Another distinct benefit of the present invention is the ability to form a multi-layer coating in a very cost effective and efficient manner. The polymeric materials of the coating compositions are generally inexpensive and can be readily prepared or commercially obtained. These compositions can also be coated on the surface of medical articles with great ease, for example, by dip-coating, brush-coating, or sponge coating, and do not require the use of elaborate coating equipment or methods.
In other aspects of the invention, in addition to the first and second reactive groups, the coating can be formed using latent reactive groups, such as photoreactive groups. The latent reactive groups can provide additional bonding between the polymeric materials of the coating, and/or the surface of the device. Preferably, the latent reactive groups are provided on a cross-linking moiety. The bonding that is provided by the combination of the first and second reactive groups of the polymeric material and the latent reactive groups allow for the formation of durable, lubricious coatings with advantageous and improved properties.
Optionally, the latent reactive groups can be present on the first polymer, the second polymer, or combinations thereof. Although the bonding exists between the polymers of the first and second coated layers, additional bonding can be provided via activation of the latent reactive groups. This additional bonding provides a number of desirable advantages.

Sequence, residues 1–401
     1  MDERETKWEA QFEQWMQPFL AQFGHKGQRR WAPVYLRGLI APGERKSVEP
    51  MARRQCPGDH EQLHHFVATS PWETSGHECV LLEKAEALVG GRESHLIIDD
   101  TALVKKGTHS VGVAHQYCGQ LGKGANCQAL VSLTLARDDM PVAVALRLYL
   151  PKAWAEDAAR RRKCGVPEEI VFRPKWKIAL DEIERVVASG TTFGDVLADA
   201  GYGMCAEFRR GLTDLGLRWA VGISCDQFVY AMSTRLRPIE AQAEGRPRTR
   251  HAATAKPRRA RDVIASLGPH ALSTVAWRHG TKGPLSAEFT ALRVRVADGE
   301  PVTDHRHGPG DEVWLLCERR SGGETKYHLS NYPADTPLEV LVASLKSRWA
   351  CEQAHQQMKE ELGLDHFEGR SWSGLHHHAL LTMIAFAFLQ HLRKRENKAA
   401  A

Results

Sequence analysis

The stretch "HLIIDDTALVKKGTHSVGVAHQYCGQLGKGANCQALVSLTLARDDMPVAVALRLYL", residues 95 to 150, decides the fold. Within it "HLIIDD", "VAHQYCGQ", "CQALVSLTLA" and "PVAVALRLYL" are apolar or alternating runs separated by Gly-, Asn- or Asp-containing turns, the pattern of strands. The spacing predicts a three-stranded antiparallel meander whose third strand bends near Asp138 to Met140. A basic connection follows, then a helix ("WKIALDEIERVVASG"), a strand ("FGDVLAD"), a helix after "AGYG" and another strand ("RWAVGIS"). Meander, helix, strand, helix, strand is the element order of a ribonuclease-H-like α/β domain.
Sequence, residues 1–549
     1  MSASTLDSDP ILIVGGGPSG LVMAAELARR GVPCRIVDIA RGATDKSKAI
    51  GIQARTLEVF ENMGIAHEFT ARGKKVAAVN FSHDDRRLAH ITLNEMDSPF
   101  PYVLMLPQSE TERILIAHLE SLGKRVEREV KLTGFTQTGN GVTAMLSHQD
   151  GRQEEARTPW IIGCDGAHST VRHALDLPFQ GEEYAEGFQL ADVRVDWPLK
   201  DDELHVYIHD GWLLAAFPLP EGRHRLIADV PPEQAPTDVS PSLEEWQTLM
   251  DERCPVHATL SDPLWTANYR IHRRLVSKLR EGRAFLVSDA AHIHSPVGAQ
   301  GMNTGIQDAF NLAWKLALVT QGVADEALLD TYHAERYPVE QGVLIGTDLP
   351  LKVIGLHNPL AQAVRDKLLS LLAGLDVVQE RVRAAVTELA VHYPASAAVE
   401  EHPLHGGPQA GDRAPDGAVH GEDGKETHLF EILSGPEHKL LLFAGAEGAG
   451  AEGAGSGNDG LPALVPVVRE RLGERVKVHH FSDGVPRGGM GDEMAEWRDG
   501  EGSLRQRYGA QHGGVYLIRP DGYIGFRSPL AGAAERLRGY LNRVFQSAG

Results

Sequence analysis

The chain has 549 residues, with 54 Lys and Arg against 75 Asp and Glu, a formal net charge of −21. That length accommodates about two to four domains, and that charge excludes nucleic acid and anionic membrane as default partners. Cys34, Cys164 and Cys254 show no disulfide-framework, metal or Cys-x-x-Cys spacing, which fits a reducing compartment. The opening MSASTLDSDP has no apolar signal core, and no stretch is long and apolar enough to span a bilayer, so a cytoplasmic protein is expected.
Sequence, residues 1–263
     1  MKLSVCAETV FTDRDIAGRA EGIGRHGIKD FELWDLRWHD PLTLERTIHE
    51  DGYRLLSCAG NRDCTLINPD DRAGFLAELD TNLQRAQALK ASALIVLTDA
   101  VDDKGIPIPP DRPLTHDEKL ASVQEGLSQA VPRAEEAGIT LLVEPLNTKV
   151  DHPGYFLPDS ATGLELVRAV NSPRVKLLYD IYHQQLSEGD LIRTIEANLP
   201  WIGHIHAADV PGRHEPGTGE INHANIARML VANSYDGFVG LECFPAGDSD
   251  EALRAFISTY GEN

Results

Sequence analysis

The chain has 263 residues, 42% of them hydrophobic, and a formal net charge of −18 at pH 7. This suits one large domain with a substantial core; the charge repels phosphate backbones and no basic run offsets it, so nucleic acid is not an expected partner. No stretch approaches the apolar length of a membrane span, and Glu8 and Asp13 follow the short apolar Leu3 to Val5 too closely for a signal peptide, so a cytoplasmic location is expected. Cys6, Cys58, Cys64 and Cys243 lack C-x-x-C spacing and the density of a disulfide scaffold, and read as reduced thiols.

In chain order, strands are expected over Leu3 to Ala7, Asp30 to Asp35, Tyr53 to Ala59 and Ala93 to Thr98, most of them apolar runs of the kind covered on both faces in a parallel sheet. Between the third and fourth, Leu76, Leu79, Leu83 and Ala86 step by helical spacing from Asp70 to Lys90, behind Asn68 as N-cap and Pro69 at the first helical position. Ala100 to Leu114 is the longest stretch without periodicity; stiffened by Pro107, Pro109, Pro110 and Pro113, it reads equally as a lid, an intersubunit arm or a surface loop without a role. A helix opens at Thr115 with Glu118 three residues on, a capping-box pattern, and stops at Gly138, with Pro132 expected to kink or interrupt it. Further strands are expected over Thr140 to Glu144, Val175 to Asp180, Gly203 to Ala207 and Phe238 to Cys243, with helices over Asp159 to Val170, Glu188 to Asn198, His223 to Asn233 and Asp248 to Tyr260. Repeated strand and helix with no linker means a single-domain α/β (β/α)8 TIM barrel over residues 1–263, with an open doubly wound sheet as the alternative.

In one aspect of the invention where latent reactive groups are utilized, it is thought that their activation promotes not only the formation of a coating having an increased density of polymeric material, but also a coating that still retains desirable hydrophilic and lubricious properties. In this regard the coating can be wetted very rapidly, but also sufficiently to provide a lubricious surface. A coating formed using latent reactive groups can also demonstrate controlled swelling in an aqueous solution. It is thought that the bonding arrangement of polymeric material within the coating suppresses the ability of the coating to swell to a great extent.